Image: Teenagers spending money © Erik Dreyer, Taxi, Getty Images

Lots of articles try to convince you that raising money-smart kids is a good idea, but you know better. Who wants kids who limit their immediate gratification by putting money into a savings account?

If you sometimes worry that your child is too wise and worried about money, just follow these eight tips to nip that financial responsibility in the bud.

1. Buy them everything they want

Let's be honest: Life is easier when you just buy the little duffers whatever they want. It stops the whining immediately and keeps the kids busy for a few minutes so you can enjoy that $5 latte you just bought. So what if they start to believe that they're entitled to everything? Isn't entitlement the American way? We deserve it all!

2. If they break it, replace it

Poor little Johnny stepped on his new squirt gun that he tossed on the floor last night. It's busted, and he's bawling. Don't put up with that. Rush over to Walgreens and buy him another one right away. You don't want the kid to learn about consequences, do you? That might spoil his morning.

3. Teach them that money grows in your wallet

Your kids don't care how long and hard you work for your paycheck, so don't bother discussing the connection between work and pay. Instead, let them believe money just miraculously appears whenever they want something. Life is a lot more magical that way. Don't spoil their youth by suggesting that life could possibly be anything other than one happy day of overconsumption after another.

4. Set a bad example

Kids often do as their parents do, so teach them slovenly financial habits by practicing bad behaviors yourself. Run up your credit cards; pay your bills late (if you bother to pay them at all); buy lots of cheap stuff you don't need; don't use coupons; don't take care of your possessions; buy the latest smartphone even if the one you have is perfectly fine; run the water while you brush your teeth; drive your gas-guzzling SUV even when you're just going around the corner to pick up another sack of burgers instead of making dinner yourself. . . . You get the picture.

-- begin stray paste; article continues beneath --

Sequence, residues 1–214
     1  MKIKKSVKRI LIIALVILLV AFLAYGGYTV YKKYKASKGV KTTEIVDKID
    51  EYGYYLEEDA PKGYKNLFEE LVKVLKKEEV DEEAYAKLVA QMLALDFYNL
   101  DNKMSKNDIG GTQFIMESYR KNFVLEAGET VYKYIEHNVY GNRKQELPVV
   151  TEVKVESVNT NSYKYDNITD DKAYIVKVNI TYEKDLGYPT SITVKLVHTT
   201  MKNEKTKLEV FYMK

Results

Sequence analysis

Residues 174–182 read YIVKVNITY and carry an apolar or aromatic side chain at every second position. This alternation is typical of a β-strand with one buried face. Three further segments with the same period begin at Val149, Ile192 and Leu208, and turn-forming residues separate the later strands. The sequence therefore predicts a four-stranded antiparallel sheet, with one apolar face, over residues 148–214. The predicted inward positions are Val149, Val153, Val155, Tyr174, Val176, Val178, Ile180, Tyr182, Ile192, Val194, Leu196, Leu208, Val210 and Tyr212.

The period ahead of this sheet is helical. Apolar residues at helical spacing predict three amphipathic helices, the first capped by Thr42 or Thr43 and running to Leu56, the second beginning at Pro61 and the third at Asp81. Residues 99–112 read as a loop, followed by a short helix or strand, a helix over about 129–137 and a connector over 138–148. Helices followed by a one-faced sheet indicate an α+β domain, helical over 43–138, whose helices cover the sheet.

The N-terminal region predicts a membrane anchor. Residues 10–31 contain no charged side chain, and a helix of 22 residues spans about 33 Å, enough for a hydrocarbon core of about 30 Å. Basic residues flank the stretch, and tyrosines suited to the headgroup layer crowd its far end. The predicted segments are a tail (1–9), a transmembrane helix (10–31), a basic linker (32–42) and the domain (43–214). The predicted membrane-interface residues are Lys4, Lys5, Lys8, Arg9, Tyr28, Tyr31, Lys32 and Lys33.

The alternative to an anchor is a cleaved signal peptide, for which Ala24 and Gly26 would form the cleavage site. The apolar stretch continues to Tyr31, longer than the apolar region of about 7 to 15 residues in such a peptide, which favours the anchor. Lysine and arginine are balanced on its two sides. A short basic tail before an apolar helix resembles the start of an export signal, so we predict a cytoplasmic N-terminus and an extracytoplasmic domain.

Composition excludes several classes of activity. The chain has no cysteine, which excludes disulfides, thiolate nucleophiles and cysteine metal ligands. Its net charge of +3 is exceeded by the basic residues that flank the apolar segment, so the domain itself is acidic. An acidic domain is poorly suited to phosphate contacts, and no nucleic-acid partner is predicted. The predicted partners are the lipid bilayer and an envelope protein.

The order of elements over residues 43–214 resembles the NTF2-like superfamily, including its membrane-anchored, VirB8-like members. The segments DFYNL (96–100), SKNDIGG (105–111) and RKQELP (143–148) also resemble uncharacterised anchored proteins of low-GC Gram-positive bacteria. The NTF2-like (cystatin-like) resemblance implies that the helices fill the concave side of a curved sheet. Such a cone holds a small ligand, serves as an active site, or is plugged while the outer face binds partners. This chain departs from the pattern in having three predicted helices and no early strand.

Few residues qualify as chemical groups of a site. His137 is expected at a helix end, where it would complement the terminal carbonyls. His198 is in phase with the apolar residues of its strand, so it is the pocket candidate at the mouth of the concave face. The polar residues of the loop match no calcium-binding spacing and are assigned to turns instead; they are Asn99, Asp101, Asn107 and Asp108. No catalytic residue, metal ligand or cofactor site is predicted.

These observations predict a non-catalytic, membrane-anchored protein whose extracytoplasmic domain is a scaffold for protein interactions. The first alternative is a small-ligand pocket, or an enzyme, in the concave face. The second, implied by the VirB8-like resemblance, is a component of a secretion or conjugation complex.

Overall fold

5. Provide a nice fat allowance

Since money practically grows in your wallet (see item 3), why not share the wealth with your kids? Don't hold back, especially when they're teenagers. After all, you wouldn't want your kids to be out with friends and run out of money. Someone might think you're poor. Instead, give your children an allowance big enough to treat the whole gang when they go to McDonald's.

6. Chores? Please!

Don't bother asking your kids to do anything to earn the money you're doling out to them. After all, this might teach them the concept that money comes from hard work, which is such a drag (again, see item 3). Wouldn't life be better if no one needed to work? Let your kids enjoy that fantasy for as long as possible. And don't even think of asking them to mow the neighbor's lawn or get a part-time job when they're teens. Come on, they're only young once.

7. Discourage saving

If Grandma sends Madison $25, march her to Target right now before that money burns a hole in her pocket. Saving money is so overrated. Have you seen the dismal interest rates banks pay on savings these days? Forget teaching your kids how to invest in the stock market, too. It's bound to crash again someday. Your kids are much better off blowing through the money now.

8. Skip the thank you notes

Speaking of that gift from Grandma, don't trouble yourself trying to get your little honey to sit still long enough to scratch out a note of thanks. That's so old-fashioned. Why should your children be grateful for what others give them? They're entitled to it. Writing a thank you note might remind them that they aren't the center of the universe, and you certainly don't want to burst that bubble.

You might read somewhere that kids who learn how to handle money grow up to be money-smart adults, but wouldn't you rather have kids who live in the moment and don't worry a whit about the future? Life will be much more fun for them, right? Right?

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